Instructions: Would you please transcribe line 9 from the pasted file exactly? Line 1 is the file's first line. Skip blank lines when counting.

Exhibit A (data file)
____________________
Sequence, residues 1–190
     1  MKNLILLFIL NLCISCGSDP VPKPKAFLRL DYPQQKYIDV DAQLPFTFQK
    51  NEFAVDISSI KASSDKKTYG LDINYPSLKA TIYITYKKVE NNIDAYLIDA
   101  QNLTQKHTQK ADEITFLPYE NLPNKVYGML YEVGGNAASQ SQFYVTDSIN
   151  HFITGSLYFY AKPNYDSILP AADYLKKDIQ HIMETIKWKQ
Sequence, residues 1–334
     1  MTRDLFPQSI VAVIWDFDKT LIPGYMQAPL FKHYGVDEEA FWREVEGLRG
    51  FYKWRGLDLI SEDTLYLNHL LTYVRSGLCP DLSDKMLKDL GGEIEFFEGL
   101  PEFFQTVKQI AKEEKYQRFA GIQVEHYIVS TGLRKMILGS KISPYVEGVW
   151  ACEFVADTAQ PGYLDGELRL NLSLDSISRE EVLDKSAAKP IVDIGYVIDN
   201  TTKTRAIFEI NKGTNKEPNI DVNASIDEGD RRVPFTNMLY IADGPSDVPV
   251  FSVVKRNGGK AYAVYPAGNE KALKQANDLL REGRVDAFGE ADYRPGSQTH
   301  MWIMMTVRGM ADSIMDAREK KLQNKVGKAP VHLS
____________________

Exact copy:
   101  PEFFQTVKQI AKEEKYQRFA GIQVEHYIVS TGLRKMILGS KISPYVEGVW